Upon visiting any of a multitude of sites, or registering for various kinds of services, we are asked any number of questions about our lives and interests, as if by a sensitive and caring friend. Are we looking for someone to date? What kinds of art, music, film and literature do we enjoy? Where do we stand on politics and religion? Many people apparently receive these overtures as flattery; their opinion matters and now they have the chance to share it with the world!
The “news feeds” run constantly, like a news ‘ticker’ keeping track of changes in stock prices, ready to relay anything at all. The ability to say something instantly to a potentially oceanic audience attaches easily enough to our egos that it dizzily becomes the compulsion to say something. When someone comments back, we are reassured that we have a real social life (despite all evidence to the contrary) because we produce enough meaning to capture someone’s attention. Hence the explosion of blogs, Tweets, Facebook ‘timelines’ and so on delivering an unfettered torrent of trivial gossip, uninformed rants and embarrassing confessions – all quite useless except for the egos of those who emit them, the simulacra of community engendered with other digital “selves,” and of course the only-slightly-less-virtual speculative economies of advertisers and site owners who profit off this diffuse production of incessant discourse.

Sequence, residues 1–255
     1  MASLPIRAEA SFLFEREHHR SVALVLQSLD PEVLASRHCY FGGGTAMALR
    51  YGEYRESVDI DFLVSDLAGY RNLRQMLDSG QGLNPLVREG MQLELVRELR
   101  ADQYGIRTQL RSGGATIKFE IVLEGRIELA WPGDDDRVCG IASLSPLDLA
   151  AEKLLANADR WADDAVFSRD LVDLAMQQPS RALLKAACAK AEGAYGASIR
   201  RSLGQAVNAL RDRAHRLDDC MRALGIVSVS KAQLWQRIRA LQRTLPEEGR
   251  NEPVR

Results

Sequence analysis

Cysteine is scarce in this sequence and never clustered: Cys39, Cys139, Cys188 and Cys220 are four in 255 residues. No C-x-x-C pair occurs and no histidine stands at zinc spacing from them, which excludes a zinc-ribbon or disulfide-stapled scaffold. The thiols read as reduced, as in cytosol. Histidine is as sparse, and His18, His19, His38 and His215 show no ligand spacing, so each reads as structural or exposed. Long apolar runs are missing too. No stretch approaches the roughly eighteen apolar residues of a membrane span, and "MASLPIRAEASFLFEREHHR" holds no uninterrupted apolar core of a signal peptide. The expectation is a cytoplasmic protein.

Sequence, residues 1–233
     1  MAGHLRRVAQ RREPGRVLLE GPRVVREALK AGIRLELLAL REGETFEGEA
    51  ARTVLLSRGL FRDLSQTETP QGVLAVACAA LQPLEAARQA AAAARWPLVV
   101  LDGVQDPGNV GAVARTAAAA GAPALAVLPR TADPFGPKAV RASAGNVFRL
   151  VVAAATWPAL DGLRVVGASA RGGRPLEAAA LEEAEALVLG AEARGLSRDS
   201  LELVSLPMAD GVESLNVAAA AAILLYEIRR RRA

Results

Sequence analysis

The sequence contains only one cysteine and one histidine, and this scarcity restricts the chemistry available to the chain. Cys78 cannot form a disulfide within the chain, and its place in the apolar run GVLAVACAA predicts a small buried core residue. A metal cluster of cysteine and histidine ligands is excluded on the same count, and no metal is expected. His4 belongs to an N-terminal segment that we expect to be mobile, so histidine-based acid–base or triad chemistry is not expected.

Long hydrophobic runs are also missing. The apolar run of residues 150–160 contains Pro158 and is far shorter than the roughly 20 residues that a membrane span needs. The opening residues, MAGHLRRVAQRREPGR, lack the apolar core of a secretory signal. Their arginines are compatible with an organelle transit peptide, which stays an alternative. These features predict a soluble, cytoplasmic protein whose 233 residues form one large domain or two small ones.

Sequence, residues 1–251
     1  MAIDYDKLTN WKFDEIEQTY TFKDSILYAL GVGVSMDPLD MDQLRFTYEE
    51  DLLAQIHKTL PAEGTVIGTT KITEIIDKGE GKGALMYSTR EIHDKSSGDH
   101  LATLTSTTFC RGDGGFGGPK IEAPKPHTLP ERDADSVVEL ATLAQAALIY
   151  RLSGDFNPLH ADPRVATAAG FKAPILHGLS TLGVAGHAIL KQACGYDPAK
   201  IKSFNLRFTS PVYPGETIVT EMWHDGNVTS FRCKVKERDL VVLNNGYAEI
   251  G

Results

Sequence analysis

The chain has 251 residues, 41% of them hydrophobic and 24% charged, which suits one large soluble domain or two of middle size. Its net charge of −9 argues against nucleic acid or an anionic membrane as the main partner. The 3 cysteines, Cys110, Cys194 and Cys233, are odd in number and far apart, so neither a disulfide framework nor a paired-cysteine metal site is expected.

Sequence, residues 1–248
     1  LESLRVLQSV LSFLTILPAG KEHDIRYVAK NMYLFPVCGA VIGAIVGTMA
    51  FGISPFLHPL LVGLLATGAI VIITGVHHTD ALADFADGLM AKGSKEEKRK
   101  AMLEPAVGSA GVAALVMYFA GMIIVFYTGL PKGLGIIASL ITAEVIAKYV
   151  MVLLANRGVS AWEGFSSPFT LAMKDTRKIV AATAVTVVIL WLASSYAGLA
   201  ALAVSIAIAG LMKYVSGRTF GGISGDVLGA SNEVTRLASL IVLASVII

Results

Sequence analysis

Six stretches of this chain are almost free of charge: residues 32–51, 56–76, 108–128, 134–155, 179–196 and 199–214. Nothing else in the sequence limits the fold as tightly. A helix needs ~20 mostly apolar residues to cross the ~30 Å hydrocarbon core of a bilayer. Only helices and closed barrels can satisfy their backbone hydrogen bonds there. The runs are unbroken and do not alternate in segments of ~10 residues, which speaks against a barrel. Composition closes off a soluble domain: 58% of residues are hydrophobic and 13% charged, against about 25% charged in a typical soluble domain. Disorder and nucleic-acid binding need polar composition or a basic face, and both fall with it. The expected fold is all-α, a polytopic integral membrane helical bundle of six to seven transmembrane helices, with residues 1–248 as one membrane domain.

So this is why it is not only a question of me and my subjective individual existence, and whether I can abstain from the distractions of the digital environment to find some kind of ‘authenticity,’ but of the fact we have such an environment, the uncanny valley peopled by the digital natives. What we think of as our individual and social existence is shaped by an order of the world that hides behind terms like ‘information technology,’ ‘the Internet,’ the ‘new economy,’ that includes the massive deployment of devices that capture and circulate information as much as the sense of alienation we can’t seem to slake by socializing through them.
The bottom line of this world and its truths is that sociality and commodity have become identical, with only the most tenuous formal connections to “real life” that is becoming increasingly virtual anyway. A proxy form of social life transpires in this marketplace of information and identity, brightly-lit and always open for business, its every moment recorded and marketable. Hollowed-out experience reveals its form to be that of an ideal commodity, that can be anything to anyone because it is nothing itself, and it increasingly recreates our social relations as mutual absences. But the world of our shared presences awaits us patiently, if only we can put down our phones long enough to really be there.
Jan Dichter is a Collegian contributor. He can be reached at email@example.com.